3. Reformatting a script to get sentences of sizes reasonable for analysis

To this point, I extracted 996 lines of text from the script. You can see that each line is quite small, containing between 1 and 10 words. (I suspect the true limit is given by the number of characters, as the system wants to ensure that the whole text fits the screen, but gaps of silence or music also produce shorter sentences).

As they are, these raw lines of text are too short to be analyzed. Therefore I rearranged my 996 lines by merging every 12 consecutive lines into single “sentences”. That means I now have 83 lines, each containing between 30 and 40 words.

These 83 lines involve 847 words (remember I already cleaned up all the stop words, short words, symbols, numbers, etc.). Of them, 75% appear only once in the whole bag of words, 15% appear once, 4% appear three times, and 6% appear between 4 and 11 times.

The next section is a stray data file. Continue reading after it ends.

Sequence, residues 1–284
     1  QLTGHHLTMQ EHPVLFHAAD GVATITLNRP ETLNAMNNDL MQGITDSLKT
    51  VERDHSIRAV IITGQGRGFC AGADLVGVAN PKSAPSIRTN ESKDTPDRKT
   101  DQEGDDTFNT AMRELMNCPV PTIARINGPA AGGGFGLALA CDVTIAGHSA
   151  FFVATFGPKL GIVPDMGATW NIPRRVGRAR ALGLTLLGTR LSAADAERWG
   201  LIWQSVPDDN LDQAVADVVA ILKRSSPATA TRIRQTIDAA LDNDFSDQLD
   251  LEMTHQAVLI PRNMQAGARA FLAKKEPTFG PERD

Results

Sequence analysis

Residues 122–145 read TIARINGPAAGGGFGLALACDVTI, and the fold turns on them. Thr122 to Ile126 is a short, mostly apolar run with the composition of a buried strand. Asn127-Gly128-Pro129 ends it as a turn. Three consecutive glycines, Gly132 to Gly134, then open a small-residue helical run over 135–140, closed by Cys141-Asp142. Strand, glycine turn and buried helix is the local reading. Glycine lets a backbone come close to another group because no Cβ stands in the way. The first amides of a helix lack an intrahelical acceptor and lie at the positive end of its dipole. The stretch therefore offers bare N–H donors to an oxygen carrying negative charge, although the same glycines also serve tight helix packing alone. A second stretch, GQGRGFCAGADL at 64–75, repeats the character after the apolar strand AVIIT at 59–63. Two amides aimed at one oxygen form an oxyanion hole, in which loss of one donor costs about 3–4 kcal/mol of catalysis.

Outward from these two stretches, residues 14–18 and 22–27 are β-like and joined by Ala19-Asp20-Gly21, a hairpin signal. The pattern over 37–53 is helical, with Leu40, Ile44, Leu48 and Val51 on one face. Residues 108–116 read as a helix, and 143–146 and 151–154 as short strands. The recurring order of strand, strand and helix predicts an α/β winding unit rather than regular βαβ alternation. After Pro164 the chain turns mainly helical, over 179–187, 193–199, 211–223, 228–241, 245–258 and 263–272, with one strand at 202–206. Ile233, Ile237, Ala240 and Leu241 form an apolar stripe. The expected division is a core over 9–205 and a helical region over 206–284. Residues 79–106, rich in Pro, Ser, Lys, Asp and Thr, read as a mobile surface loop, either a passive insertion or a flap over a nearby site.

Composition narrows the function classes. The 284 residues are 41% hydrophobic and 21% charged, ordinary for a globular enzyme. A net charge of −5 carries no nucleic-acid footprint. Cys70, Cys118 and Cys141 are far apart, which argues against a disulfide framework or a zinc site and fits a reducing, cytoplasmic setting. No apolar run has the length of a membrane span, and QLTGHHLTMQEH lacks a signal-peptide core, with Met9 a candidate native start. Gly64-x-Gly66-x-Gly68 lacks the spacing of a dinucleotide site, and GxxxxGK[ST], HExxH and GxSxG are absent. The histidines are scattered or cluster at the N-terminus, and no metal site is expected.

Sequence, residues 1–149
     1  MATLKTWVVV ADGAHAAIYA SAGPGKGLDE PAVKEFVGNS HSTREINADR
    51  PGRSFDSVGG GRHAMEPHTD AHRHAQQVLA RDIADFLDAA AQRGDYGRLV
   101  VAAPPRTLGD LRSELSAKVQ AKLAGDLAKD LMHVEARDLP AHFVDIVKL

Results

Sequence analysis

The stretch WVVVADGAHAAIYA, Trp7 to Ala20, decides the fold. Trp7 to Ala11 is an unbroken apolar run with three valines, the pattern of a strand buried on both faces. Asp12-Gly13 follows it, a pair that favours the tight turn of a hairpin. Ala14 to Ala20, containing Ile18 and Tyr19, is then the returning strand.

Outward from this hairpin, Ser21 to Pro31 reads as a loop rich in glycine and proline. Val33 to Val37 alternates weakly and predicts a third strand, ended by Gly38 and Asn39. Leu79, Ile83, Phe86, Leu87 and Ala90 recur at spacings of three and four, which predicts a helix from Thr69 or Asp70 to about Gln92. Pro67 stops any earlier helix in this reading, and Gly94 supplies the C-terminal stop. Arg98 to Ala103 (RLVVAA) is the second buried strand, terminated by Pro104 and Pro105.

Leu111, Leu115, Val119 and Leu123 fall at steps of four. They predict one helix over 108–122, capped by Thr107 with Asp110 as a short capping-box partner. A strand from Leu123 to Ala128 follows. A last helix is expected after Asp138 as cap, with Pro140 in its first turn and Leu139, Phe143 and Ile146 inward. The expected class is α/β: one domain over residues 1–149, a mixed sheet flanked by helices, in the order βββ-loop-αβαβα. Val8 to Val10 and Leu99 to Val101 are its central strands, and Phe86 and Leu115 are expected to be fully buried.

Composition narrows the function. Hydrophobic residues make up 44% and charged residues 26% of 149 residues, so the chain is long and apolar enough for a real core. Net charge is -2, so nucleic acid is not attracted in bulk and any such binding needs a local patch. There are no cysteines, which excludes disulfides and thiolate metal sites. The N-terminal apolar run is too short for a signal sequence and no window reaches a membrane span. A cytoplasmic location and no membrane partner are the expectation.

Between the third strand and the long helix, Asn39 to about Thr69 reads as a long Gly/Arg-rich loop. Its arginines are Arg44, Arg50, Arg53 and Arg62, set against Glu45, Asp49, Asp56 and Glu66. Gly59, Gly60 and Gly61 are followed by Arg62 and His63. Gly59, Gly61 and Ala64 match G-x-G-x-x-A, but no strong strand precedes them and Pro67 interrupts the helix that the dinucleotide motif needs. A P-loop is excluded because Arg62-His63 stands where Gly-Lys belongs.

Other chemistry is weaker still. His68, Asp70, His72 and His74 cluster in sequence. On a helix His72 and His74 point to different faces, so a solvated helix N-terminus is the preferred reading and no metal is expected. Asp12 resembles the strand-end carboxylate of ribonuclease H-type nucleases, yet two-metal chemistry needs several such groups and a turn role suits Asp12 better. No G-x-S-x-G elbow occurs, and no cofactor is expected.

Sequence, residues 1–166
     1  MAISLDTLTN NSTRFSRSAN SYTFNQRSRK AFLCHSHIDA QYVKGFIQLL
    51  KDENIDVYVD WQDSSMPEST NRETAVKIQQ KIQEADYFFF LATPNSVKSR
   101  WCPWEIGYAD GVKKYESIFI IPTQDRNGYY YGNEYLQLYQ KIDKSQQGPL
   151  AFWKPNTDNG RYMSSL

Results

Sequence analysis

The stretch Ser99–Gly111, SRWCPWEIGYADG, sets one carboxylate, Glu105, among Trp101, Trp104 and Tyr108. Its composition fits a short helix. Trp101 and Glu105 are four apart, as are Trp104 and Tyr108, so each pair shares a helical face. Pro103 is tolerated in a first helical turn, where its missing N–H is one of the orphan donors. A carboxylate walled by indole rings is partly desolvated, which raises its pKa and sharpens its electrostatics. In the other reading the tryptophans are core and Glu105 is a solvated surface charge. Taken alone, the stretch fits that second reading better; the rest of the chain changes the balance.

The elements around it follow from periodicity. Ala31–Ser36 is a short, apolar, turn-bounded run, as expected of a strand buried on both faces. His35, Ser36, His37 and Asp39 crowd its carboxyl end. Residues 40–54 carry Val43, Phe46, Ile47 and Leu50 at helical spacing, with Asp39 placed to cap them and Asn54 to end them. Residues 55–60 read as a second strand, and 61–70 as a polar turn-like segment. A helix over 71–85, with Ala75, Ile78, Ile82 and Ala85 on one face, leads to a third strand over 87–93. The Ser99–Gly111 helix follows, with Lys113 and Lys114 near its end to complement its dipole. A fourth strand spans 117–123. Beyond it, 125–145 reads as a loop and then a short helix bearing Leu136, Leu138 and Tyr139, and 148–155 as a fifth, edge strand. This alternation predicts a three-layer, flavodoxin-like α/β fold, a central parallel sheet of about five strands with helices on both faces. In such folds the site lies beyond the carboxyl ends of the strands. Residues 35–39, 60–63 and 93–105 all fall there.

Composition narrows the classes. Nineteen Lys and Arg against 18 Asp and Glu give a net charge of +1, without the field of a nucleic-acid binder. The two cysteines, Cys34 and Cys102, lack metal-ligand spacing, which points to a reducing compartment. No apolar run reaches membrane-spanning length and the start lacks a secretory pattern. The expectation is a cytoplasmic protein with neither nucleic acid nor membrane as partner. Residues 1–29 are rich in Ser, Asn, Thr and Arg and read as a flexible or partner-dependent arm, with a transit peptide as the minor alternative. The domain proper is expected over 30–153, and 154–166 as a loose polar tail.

4. Converting the sentences into numbers

At this point I move from words to numbers. For this, I take the words I compiled and count how many times they show up in each of the 83 sentences. That means I get the “bags of words” for each sentence. In what follows I stay with the procedure in which I included only those words that appear 2 or more times, which means 25% of the 847 words (i.e. 214 words).

Of course, most words do not appear in any sentence; however, the way I prepared words and sentences implies that each word will appear at least once in at least one sentence. Therefore I get a matrix that looks dominated by zeros but actually has at least one number > 0 in all its rows and columns.